Table Of Contents
Performance Route Processor (PRP) Software Configuration in Cisco 12000 Series Routers
This feature was introduced on Cisco 12000 Series Routers.
Disabling of Layer 3 cache added.
This feature module describes the software configuration of the Performance Route Processor (PRP) in Cisco 12000 Series Routers.
This document includes the following sections:
The Performance Route Processor (PRP) in the Cisco 12000 Series Router is designed to meet the growing demands in the high-end IP routing market due to increased Internet traffic, larger routing tables, acceptance of IP as the common networking layer protocol, and an increasing shift in focus by service providers to IP infrastructures.
The PRP satisfies these demands by providing an evolution from the current Gigabit Route Processor (GRP) card with a faster processor, multilayer cache, improved fabric interface for faster communication between the PRP and line cards, and larger memory capacity.
The PRP is designed to support all IOS software features that are supported on the GRP, such as High Availability and standard routing protocols.
Note The Stateful Switchover with Nonstop Forwarding (SSO/NSF) feature will be supported in IOS Release 12.0(23)S and later.
Route Processor Redundancy Plus (RPR+) Support
The PRP supports the High Availability feature, Route Processor Redundancy Plus (RPR+). With RPR+, the standby RP in a Cisco 12000 Series Router is fully initialized and configured.
RPR+ dramatically shortens the switchover time if the active RP fails or if a manual switchover is performed. Because both the startup configuration and running configuration are continually synchronized from the active to the standby RP, line cards are not reset during a switchover. The interfaces remain up during this transfer, so neighboring routers do not detect a link flap (the link does not go down and back up). For more information, refer to:
The exception warmstart feature in PRP software minimizes downtime following a system crash. It allows for a faster recovery by avoiding the need to reload the software image from an external device.
PRP and GRP Coexistence
You cannot use the PRP and the GRP at the same time during normal router operation. The only time when a GRP and PRP can be used in the same router is during migration from the GRP to the PRP. For more information about the migration procedure, refer to the Performance Route Processor Installation and Configuration Note.
Supported Software Images
You cannot load a GRP software image (with the naming convention gsr-p-mz) on the PRP. GRP and PRP software images are not interchangeable due to the different types of CPU used in each route processor. The PRP uses a software image with the naming convention c12kprp-p-mz.
Redundant PRP Installations
The Warmstart feature is disabled by default if a second, backup PRP is installed in the router for redundancy.
•Cisco IOS Configuration Fundamentals Configuration Guide, Release 12.0
•Cisco IOS Configuration Fundamentals Command Reference, Release 12.0
•Cisco 12000 Series Internet Router Flash Disk Information (DOC-7814024)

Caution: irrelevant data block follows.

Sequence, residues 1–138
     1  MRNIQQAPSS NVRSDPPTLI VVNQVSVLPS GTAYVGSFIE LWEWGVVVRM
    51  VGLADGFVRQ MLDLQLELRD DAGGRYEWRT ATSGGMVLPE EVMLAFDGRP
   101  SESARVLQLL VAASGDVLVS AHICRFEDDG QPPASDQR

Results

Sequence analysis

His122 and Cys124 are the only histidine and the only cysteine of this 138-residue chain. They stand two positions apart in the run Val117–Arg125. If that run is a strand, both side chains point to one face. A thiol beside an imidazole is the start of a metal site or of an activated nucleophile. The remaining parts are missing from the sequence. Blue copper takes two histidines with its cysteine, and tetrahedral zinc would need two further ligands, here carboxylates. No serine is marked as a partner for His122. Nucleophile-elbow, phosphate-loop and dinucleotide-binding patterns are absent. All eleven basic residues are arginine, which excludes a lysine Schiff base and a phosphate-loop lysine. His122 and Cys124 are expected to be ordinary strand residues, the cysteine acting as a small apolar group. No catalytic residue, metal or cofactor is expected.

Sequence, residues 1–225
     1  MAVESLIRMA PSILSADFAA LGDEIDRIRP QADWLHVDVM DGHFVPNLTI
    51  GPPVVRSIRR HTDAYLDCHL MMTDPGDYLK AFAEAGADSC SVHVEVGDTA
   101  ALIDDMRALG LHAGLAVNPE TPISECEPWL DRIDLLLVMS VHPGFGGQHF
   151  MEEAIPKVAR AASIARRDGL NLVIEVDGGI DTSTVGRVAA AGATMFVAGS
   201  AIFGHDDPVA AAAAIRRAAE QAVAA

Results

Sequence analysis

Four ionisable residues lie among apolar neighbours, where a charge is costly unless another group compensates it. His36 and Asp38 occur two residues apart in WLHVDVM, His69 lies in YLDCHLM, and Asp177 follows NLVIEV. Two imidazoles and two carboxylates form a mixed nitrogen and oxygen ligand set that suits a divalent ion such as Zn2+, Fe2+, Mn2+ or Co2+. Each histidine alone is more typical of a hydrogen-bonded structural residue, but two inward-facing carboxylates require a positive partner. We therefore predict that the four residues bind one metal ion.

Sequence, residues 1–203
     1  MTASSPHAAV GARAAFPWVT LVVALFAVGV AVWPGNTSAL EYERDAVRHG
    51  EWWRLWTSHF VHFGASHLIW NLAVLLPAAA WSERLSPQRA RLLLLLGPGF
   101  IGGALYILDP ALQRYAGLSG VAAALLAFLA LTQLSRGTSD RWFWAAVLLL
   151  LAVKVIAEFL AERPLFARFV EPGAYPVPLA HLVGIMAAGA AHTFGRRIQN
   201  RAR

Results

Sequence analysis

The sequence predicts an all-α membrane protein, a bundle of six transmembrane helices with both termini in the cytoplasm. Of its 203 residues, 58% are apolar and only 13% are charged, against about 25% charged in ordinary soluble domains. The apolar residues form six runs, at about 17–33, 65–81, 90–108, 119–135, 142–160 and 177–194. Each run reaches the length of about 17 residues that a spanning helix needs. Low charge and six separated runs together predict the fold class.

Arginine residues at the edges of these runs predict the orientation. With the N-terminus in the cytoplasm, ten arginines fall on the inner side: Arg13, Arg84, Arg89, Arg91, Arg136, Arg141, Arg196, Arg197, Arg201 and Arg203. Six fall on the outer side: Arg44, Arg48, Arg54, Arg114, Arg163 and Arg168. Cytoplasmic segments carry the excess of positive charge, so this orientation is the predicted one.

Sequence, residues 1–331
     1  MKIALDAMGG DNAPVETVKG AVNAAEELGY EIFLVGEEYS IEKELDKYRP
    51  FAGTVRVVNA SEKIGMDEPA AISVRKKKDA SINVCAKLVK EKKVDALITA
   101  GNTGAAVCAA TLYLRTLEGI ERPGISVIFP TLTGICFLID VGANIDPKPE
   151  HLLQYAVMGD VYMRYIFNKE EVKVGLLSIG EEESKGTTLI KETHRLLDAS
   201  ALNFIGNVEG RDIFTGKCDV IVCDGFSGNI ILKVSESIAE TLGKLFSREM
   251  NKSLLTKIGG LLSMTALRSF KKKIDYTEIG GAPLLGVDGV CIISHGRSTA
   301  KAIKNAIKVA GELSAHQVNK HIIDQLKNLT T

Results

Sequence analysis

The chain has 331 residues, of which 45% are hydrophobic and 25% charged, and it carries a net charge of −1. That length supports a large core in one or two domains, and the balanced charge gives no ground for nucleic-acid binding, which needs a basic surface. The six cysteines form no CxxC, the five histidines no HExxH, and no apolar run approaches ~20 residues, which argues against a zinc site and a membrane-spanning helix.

•Cisco 12000 Series Internet Router Memory Replacement Instructions (DOC-784338)
•Performance Route Processor Installation and Configuration Note (DOC-7813302)
•Route Processor Redundancy Plus for the Cisco 12000 Series Internet Router
•Performance Route Processor Installation and Configuration (DOC-7813302)
•Cisco 12000 Series Routers
Determining Platform Support Through Cisco Feature Navigator
Cisco IOS software is packaged in feature sets that support specific platforms. To get updated information regarding platform support for this feature, access Cisco Feature Navigator. Cisco Feature Navigator dynamically updates the list of supported platforms as new platform support is added for the feature.
Cisco Feature Navigator is a web-based tool that enables you to determine which Cisco IOS software images support a specific set of features and which features are supported in a specific Cisco IOS image. You can search by feature or release. Under the release section, you can compare releases side by side to display both the features unique to each software release and the features in common.
To access Cisco Feature Navigator, you must have an account on Cisco.com. If you have forgotten or lost your account information, send a blank e-mail to firstname.lastname@example.org. An automatic check will verify that your e-mail address is registered with Cisco.com. If the check is successful, account details with a new random password will be e-mailed to you. Qualified users can establish an account on Cisco.com by following the directions at http://www.cisco.com/register.
Cisco Feature Navigator is updated regularly when major Cisco IOS software releases and technology releases occur. For the most current information, go to the Cisco Feature Navigator home page at the following URL:
Availability of Cisco IOS Software Images
Platform support for particular Cisco IOS software releases is dependent on the availability of the software images for those platforms. Software images for some platforms may be deferred, delayed, or changed without prior notice. For updated information about platform support and availability of software images for each Cisco IOS software release, refer to the online release notes or, if supported, Cisco Feature Navigator.
Supported Standards, MIBs, and RFCs
No new or modified standards are supported by this feature.
No new or modified MIBs are supported by this feature.
To obtain lists of supported MIBs by platform and Cisco IOS release, and to download MIB modules, go to the Cisco MIB website on Cisco.com at the following URL:
No new or modified RFCs are supported by this feature.
See the following sections for configuration tasks for the Warmstart feature. Each task in the list is identified as either required or optional.
•Configuring Warmstart (required)
•Verifying Warmstart (optional)
You can reconfigure the Warmstart feature only in a single PRP configuration. In a dual (redundant) PRP configuration, the Warmstart feature is disabled by default and should not be enabled.
To configure the Warmstart feature, use the following commands starting in global configuration mode:
To verify the configuration settings for the warmstart feature, use the show run command in global configuration mode. In the following example, the warmstart configuration settings are shown in bold.Router# show run...line con 0exec-timeout 0 0line aux 0line vty 0 4login...exception warmstart 60 5end